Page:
I run to pick up the big container of water I’d hidden behind the shop near my parents’ house, so I have an excuse when I walk through our door. The king and his servants are already at my house when I get there. I slowly enter the gate and walk up to the main house. When I walk inside everyone stares at me.
“Bantu, stand up and help my future wife with that,” the king orders his assistant, smiling from ear-to-ear. Bantu jumps up and comes to take the heavy container from my head. The dark, bearded old pig with a stomach popping out of his squeaky tight white shirt seems to be chuffed with himself as he sits in the chair with legs wide open.
“Thank you,” I say, “but I’m used to carrying it myself.” I walk past him to put it in the kitchen.
“No, no! Leave that to Bantu. Come and join us,” the king commands.
I grudgingly let Bantu take the water. I look at my parents for some sort of understanding of my reluctance, but they are all smiles. My frustration towards them begins to simmer.
“Smile, Sizie, smile!” my mother whispers in my ear, as she pretends to hug me. Then she turns to the guests. “As you all see, this is our only daughter. She is not only beautiful on the outside but on the inside too. She is her father’s princess. You realise that you are taking our only princess from us. Our pride and joy. You should be offering more because of that, honourable one,” my mother says.
“Oh, my friend, how could I not? You raised a beautiful queen right here. How can I not present you with a bigger gift?”
“Sizie, the king and his family have come to take you with them,” my mother turns to me and says sweetly, like she’s telling me something pleasant. “Please, my child, go and prepare to leave.”
“I’m leaving … today?” I say, looking up into her face.
“Yes. Is there something wrong with that, my future wife?” the king bristles in his corner.
“Yes!” I say, wondering how this is not the obvious answer. “My friends! I have to say goodbye.”
“Oh! You almost had me worried there. Friends come last. They don’t matter. You will see them some day,” the king answers, dismissing my request.
“Mama, please,” I beg. “There is no way I’m leaving without letting them know,” I say, horrified. “Unless this is an arranged, um … kidnapping?” I ask, trying to make light and yet show my strength.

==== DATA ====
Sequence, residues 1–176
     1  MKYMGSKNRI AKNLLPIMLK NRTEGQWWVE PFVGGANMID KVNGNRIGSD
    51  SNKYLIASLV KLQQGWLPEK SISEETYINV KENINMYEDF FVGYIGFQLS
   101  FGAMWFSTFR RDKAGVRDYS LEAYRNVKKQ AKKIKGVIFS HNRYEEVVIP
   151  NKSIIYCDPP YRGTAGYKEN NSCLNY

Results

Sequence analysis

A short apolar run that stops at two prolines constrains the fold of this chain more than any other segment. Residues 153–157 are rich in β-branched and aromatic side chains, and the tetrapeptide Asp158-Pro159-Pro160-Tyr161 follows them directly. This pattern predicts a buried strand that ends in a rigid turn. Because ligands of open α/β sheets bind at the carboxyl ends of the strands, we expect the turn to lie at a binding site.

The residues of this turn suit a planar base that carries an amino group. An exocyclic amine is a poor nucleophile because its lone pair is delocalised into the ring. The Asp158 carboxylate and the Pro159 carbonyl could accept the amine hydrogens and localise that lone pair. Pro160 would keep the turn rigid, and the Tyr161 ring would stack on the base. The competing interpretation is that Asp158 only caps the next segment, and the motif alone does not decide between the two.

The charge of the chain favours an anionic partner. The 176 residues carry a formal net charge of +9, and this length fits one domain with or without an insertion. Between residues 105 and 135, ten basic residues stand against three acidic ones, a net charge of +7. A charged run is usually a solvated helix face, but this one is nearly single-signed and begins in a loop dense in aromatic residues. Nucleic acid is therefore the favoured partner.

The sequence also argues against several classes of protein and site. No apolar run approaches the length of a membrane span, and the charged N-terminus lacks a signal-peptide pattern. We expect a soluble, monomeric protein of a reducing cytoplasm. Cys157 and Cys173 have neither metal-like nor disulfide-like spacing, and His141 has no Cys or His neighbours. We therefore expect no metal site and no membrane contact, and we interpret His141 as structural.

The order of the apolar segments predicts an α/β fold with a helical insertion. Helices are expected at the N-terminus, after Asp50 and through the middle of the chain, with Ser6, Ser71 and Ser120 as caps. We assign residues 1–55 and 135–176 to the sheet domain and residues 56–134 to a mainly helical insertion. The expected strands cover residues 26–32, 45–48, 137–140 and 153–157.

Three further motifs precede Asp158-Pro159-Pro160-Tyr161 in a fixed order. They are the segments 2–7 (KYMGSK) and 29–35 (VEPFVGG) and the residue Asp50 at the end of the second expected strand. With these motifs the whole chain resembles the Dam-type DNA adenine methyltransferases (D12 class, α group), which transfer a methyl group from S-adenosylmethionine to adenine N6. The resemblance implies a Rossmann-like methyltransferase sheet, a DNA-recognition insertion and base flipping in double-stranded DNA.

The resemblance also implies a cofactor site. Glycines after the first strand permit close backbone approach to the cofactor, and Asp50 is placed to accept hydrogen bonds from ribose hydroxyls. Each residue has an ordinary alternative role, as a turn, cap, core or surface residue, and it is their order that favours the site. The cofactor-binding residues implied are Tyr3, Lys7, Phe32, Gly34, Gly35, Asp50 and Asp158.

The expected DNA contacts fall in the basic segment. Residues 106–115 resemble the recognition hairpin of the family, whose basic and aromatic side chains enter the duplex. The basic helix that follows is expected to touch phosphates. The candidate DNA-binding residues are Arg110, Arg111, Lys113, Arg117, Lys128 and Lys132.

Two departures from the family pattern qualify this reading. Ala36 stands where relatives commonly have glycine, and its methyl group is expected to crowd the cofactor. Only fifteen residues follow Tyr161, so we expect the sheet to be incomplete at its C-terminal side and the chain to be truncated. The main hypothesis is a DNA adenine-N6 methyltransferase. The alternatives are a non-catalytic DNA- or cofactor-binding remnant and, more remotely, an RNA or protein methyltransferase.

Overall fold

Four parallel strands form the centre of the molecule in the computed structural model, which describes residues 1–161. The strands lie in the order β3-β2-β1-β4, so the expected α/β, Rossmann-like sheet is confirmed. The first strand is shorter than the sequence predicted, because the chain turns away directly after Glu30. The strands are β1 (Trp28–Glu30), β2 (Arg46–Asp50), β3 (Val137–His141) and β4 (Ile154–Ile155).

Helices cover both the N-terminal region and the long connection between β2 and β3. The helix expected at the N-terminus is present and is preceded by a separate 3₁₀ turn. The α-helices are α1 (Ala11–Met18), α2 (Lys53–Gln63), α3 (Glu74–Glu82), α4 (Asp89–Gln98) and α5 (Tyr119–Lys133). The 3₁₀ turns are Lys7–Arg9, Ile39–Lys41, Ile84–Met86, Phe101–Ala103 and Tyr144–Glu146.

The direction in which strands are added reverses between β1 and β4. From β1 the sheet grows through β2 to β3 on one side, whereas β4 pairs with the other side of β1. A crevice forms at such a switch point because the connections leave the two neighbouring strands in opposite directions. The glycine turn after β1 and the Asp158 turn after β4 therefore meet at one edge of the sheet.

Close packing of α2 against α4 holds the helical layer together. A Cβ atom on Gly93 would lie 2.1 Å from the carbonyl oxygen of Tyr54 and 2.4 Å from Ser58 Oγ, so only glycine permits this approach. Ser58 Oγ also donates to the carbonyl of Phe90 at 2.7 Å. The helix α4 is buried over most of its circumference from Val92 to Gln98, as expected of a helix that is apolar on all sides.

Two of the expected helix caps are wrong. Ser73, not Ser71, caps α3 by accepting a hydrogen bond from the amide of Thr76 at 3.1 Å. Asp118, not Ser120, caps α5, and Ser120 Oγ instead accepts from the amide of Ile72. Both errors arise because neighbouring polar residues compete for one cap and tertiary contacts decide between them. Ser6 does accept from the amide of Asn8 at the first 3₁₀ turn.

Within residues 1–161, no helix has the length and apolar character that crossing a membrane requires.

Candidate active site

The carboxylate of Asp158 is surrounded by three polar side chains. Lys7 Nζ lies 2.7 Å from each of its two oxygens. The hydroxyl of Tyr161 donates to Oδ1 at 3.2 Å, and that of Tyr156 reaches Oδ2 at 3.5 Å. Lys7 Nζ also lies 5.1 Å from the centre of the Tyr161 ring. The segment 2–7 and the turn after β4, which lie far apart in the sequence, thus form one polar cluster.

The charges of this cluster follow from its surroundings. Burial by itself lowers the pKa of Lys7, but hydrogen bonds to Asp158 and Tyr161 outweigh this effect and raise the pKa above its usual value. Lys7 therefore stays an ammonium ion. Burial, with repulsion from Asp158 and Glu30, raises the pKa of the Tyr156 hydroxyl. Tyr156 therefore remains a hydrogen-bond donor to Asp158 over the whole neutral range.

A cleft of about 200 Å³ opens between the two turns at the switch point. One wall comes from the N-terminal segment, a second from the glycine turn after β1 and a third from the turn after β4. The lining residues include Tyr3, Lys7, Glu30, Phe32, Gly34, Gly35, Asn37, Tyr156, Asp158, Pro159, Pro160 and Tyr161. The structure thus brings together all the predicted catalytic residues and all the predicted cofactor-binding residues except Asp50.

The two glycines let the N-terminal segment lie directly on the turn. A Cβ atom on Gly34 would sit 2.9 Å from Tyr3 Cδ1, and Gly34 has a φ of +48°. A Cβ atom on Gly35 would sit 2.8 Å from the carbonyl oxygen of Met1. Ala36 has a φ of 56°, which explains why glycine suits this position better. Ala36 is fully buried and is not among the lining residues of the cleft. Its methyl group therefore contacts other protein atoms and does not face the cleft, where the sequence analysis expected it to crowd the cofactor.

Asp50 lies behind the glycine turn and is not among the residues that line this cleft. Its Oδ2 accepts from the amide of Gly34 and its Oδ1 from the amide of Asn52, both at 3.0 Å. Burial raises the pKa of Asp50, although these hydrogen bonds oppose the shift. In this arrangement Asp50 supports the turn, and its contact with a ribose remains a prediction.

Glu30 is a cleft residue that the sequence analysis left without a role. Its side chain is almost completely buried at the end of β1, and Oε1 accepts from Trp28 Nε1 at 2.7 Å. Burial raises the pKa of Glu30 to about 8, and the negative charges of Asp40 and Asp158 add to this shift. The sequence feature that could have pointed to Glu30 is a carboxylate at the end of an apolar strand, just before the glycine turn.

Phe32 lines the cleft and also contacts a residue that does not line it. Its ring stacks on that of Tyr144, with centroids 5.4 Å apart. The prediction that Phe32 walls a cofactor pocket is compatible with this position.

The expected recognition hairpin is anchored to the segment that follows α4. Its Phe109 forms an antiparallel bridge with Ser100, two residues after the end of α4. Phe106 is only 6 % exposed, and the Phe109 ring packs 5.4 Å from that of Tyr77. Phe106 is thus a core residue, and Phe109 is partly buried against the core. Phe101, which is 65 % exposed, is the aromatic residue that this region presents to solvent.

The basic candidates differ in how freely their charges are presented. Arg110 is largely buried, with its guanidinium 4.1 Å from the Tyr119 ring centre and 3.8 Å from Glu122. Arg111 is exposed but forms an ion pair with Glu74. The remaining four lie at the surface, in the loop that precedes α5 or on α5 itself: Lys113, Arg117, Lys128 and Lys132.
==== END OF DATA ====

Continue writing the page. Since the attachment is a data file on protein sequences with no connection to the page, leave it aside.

“Oh, Sizie, your future husband has spoken. You are to respect his orders at all times, remember? This is not the way we’ve raised you,” my mother says lightly. “My daughter, go and pack up. You have a long way to go.”
“Which city am I being taken to?” I ask, standing now and looking around the room for answers, or a way out.
“Joburg,” the king says with a smile. Then, “Don’t worry, your young friend is going to another city to study,” he says, catching my eye.
I stare at him, shocked that he would bring up Lizo. I know there is no way out now, so I straighten up, prepared to accept my fate. “I would love to quickly see my friends before I go,” I say, looking directly at the king.
“Alright then. They will be here by the time you are done packing,” he says, alerting his assistant and moving to make a phone call.
I walk off to my hut, wondering how I will ever be able to do what I’m told for the rest of my life. I’m not just going to be his wife; I am going to be his prisoner. As I look at my things it hits me forcefully that Lizo and I will be far, far away from each other.
As I’m packing I hear a sound at my door. I look up to see Lizo’s younger brother come in, panting. He holds out a letter.
“It’s from bhut’ Lizo,” he tells me between deep breaths. “I had to sneak in to give it to you. He’s already left,” he says as I grasp the letter. He turns in an instant, runs through the door, and is gone.
I open the neatly sealed letter, instantly recognising his handwriting.
When I got back home from our meeting place, I found the king’s men at home. My clothes were packed and I was told to do the right thing. Don’t worry, I didn’t fight or cause a scene. They refused to tell me where they are taking me, but they guaranteed me that we would be in different cities. I wanted to bid you farewell in person, but that wasn’t possible. I just had time to scribble this note. Good thing we met earlier. Take good care of yourself. Get a good education. I will come back for you. I promise.
I read the message again before quickly hiding it in my toiletry bag. I finish packing and walk toward the door of my hut. I take a deep breath and exit, knowing that I can do nothing but follow the king to wherever he wants to take me.
Tell us: What would you have done if you were in Siziwe’s shoes?